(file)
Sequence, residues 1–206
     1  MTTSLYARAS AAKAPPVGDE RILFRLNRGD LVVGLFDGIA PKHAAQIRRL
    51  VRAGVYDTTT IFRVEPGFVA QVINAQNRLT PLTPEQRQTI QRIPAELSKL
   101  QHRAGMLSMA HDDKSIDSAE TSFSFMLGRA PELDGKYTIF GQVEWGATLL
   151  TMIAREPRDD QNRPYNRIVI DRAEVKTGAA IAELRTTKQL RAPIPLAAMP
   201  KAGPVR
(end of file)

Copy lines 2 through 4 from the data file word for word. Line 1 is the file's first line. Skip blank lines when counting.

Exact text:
     1  MTTSLYARAS AAKAPPVGDE RILFRLNRGD LVVGLFDGIA PKHAAQIRRL
    51  VRAGVYDTTT IFRVEPGFVA QVINAQNRLT PLTPEQRQTI QRIPAELSKL
   101  QHRAGMLSMA HDDKSIDSAE TSFSFMLGRA PELDGKYTIF GQVEWGATLL